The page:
A Talk staffer said, unsurprisingly, the tone of the meeting was sad but not shocked, with weeping staffers and both Mr. Galotti and Ms. Brown tearful while delivering the news. "She really was crying," the staffer said. "She's not the ice queen. Kicking her is unfair."
Talk Miramax Books, of which Ms. Brown is also chairman, is unaffected by the monthly magazine's shutdown.
"I don't need to tell you how bad the [ad] environment is out there," said Mr. Galotti late Jan. 18, and added the decision to close had been reached "in the last 24 hours."
Late last year, Mr. Galotti told his staff he was searching for investors. But as far back as June, strains could be detected among its partners. Back then, Cathleen Black, president of Hearst Magazines, told Advertising Age Ms. Brown "has got the right kind of reader. She just needs to find more of them." And Harvey Weinstein, co-chairman of Miramax Films, said, "I am always interested in a partner who can bring power to the company. Not money, but someone who can take us from 600,000 [circulation] to 1 million."
Last summer Ad Age learned two top-level publishing executives looked at Talk as potential investors before September. The title's total losses hover around $50 million, said persons familiar with it.
Talk-improbably conjoining glitz and street-smart aggression; legendarily blunt executives Mr. Weinstein and Mr. Galotti with Ms. Brown's cool-Britannia intellectual glamour and the risk-averse Hearst Corp.-launched on unsteady legs following a legendary opening bash in August 1999.
But following strong ad response to its first four issues-which were sold as a package-advertiser interest waned. Talk ended 2001 with 656.8 ad pages, up slightly from 2000, according to Publishers Information Bureau. Audit Bureau of Circulations figures show circulation for the first half of 2001 was 650,660, up 22.5% but with a sharp newsstand drop of 27.9%. (Newsstand sales for 2000 did not even make it halfway to Mr. Galotti's stated goal of 247,000.)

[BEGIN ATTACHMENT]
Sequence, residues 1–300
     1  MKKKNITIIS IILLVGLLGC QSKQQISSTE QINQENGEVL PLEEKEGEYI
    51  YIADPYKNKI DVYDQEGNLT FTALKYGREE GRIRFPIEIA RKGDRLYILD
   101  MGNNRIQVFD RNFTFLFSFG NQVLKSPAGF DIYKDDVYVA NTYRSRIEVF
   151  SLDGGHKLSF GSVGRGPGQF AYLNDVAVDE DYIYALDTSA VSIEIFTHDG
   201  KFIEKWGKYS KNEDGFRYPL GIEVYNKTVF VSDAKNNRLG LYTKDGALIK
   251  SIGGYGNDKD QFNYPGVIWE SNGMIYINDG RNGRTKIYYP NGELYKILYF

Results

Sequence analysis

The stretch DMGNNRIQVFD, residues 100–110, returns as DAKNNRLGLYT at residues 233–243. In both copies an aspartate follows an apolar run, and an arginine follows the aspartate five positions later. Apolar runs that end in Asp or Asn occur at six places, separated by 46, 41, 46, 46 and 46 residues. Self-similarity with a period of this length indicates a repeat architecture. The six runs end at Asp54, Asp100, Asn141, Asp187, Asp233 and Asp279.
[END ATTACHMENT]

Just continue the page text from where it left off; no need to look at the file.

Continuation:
The title's travails prompted serious schadenfreude in Manhattan's posh media circles. In early January, Mr. Galotti lunched at a prominent table at Manhattan media bistro Michael's, prompting one sharp-tongued observer to comment, "There's the most desperate man in publishing." At a party for Hearst's Harper's Bazaar held Jan. 14, the first question on many media-savvy lips was "How long do you give Talk?"
Lost was how Talk had substantially righted its editorial product, thanks to new editorial director Maer Roshan, plucked from New York last summer.
But a stream of buzz-worthy features was not enough. "Our timing was absolutely the worst," said Ms. Brown, referring to the ad slowdown of '01. "If you're a young startup, it's a body blow that can't be sucked up."
And even before the 20-minute meeting with Talk staffers concluded, chatter ricocheted around Conde Nast's hallways Mr. Galotti would be returning. (A Conde Nast spokeswoman declined to comment.) Mr. Galotti, who remains president of Talk Media, said, "I don't know exactly what my future is going to hold."
"I'll go away for a weekend and come back and decide how I'm going to move forward."